New American Songbook

"In 20 years of listening to hip hop, its music and stories have never left me unchallenged or unchanged. Throughout its history—from Kool Herc to KRS and beyond—hip hop has told the story of America through the styles of noir, memoir, jazz and rhythm and blues, comic books and blockbuster action movies. It is everything we say we are, and those things we maintain we are not. This is the new American Songbook." - KMUW commentator, Zack Gingrich-Gaylord  

New American Songbook can be heard on alternate Mondays, or through iTunes.

Best Hip Hop Of 2018 | NAS

Dec 31, 2018

Scrolling through the end of year “best of” lists is a great reminder of how much music I don’t listen to--the lists could just as easily be titled “music you missed”. It’s easy to become insecure-- the absence of familiar names on the list could indicate your once cool and edgy tastes becoming irrelevant. Worse, unfamiliarity with the current fashion in music could be a symptom of ossifying preferences: not just becoming out of touch, but becoming set in ways.

New American Songbook: 'The Miseducation Of Eunice Waymon'

Dec 17, 2018

Those close to me know that I am not a fan of the sequel or, even worse, the series, and that I consider the contemporary franchising of narrative a cultural malady of the same sort as the uselessly iterative paintings of Thomas Kincaid, or the entirety of the Oriental Trading Company catalog. It’s just capitalist overproduction and we’d be far better without it.

New American Songbook: Mick Jenkins' 'Pieces Of A Man'

Dec 3, 2018

Chicago emcee Mick Jenkins has been at the top of my favorite list since his debut release, "Water[s]." He’s a highly competent rapper and musician, but more importantly, he’s a fantastic writer. His latest release, called "Pieces of a Man," is maybe his most literary composition. He takes the title from a Gil-Scott Heron piece and, in case you didn’t catch that association, he includes two skits of spoken word work, complete with a backing jazz band, just to make it a little more obvious.

Vince Staples, 'FM!' | NAS

Nov 19, 2018

The new album from Vince Staples, ‘FM!’, picks up pretty much where he left off three albums ago with ‘Summertime ‘06’. Back then, summer was a malevolent season, at times even Lovecraftian--the heat of the season was an alien occupation, inspiring desperate acts. On ‘FM!’, a kind of truce has been achieved. Summertime and its corresponding themes aren’t quite as hostile, and while Staples’ narrative continues to brilliantly interweave abject tragedy with humor and moments of credible humanity, he seems like he’s having a little more fun, even if qualified.

New American Songbook: 'The Hate U Give' Falls Short

Nov 5, 2018

The debut novel from Angie Thomas, The Hate U Give, takes its title from an extemporaneous monologue delivered by rap icon Tupac Shakur. In it, he expands his interpretation of gangsta rap’s main trope: the criminal and revolutionary identity he calls ‘thug life’. As he sees it, thug life is a response to the inherent racism and classism of American politics and culture. The novel explores this concept over the course of the plot, which centers on a police shooting witnessed by the protagonist, a young black woman named Starr.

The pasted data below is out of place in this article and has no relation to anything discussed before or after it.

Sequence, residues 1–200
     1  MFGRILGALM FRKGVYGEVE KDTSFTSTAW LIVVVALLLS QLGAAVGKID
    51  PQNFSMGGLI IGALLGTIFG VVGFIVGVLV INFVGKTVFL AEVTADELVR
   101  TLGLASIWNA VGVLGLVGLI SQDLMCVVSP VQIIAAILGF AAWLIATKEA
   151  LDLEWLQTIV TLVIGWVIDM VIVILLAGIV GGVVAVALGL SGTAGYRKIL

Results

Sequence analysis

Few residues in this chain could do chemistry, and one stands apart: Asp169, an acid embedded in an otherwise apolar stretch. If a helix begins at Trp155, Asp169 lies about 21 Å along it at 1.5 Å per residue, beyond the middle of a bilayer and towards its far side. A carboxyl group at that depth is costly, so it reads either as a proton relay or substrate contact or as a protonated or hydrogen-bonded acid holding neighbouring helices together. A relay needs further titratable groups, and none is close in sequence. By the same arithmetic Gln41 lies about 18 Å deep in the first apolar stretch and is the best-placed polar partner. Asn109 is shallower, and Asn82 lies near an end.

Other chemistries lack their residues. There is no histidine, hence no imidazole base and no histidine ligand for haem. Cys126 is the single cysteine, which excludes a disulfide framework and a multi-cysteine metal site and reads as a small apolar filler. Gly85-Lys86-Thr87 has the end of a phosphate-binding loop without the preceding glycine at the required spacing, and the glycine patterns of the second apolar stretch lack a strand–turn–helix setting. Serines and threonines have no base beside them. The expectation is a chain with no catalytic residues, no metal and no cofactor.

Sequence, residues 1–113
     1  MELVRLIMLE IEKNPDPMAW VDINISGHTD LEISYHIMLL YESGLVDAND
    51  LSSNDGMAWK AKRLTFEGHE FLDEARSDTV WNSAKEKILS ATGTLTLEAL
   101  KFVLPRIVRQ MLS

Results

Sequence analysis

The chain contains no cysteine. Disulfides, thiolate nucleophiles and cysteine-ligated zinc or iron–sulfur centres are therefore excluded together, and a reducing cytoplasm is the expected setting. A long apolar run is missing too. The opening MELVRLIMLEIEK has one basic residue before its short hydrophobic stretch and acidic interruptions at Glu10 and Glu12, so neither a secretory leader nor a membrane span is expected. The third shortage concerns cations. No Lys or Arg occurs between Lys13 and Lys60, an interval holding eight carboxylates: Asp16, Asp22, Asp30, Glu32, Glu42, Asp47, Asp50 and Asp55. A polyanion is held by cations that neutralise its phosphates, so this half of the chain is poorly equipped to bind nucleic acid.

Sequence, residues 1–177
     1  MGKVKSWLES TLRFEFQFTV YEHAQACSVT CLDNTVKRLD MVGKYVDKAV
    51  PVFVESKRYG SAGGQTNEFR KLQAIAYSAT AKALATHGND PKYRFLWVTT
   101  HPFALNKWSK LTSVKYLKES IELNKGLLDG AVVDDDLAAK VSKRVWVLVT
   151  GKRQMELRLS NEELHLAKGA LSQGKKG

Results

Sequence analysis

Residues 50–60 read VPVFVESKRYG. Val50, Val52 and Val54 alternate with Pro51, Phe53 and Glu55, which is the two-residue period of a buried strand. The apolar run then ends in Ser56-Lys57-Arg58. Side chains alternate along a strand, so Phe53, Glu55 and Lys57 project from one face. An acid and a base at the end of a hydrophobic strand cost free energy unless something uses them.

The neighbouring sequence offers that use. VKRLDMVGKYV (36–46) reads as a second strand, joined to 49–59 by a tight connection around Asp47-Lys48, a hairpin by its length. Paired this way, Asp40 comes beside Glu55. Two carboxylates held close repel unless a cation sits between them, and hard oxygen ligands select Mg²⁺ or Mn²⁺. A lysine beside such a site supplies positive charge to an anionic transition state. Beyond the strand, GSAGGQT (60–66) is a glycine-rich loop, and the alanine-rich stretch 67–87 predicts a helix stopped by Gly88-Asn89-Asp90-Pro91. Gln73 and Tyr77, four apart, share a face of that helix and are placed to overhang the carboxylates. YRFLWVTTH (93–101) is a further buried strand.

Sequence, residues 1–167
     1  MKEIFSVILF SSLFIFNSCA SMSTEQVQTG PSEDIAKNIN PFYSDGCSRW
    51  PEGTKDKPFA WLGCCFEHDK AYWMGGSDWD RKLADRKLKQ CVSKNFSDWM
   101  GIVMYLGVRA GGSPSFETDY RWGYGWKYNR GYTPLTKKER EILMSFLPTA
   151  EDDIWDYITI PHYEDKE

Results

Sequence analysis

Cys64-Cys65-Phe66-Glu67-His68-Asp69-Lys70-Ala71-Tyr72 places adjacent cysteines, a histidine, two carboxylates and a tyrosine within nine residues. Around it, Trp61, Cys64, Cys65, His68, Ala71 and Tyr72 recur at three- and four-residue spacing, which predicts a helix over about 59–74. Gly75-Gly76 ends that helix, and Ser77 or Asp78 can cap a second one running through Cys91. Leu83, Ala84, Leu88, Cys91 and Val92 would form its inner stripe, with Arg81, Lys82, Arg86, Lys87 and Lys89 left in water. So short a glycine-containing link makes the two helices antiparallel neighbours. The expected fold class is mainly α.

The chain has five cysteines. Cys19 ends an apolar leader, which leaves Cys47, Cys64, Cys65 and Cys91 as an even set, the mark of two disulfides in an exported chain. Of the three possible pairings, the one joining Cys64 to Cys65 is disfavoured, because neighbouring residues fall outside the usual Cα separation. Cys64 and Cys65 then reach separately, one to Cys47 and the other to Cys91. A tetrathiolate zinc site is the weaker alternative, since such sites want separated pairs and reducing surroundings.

Hip Hop From A Different Angle | NAS

Oct 22, 2018
instagram/nonamehiding

The Chicago emcee Noname says that she writes lullaby raps, but maybe that’s a Midwest-humble way of saying that her music is deadly, just at a lower volume. Her first album, Telefone, played like a summer afternoon hanging out with your best friend; on Room 25, her recently-released follow up album, much of the sound has stayed consistent, but the tone is more grim and sharply political in parts.

NAS | 'Black Star' At Twenty

Oct 8, 2018

Twenty years ago, Talib Kweli and Mos Def released ‘Black Star’, an album that was as much monumental celebration of everything hip hop as it was a signal achievement of an era on its way out. That era, the Golden Age of hip hop, gets dated from the late eighties to the mid to late nineties, and was a time of incredible diversity in hip hop: gangsta rap aired alongside conscious hip hop; Outkast had a couple of hit songs, but so did the Fresh Prince. There seemed to be room for everybody.

The philosopher Timothy Morton has observed that poetic imagery, like light, is delivered in discrete, quantized packets, one after the other after the other. There are convenient coincidences along with this: our eyes see at a certain number of frames per second, our ears can only hear so much at any given moment. There are both limitations to our perception of reality, and to the communication of reality itself.

New American Songbook: Nu Africa

Sep 10, 2018

The West, and America specifically, has a long-standing problem of confusing the vast and diverse continent of Africa for a homogeneous country called Africa. There are, of course, reasons for this, many of them racist, but some are more literary. African American narrative has often used “Africa” as a device to indicate and imagine both an inspirational past and aspirational future, and in hip hop there are many notable examples of this: Nas’ “If I Ruled the World”, for one, and more recently, the fantastic 2017 track from southern rapper CyHi the Prynce called “Nu Africa.”

New American Songbook | Brand Expansion

Aug 27, 2018

The emcee Action Bronson recently released a cookbook — I can’t say the real title in polite company, but let’s just say that it’s the less kid-friendly version of “Holy moly, that’s delicious.” While Bronson makes his figurative bread and butter in music, a large part of his persona as an emcee is regaling his audience with as many tales of his culinary exploits as with other similarly Bacchanalian pursuits. 

Pages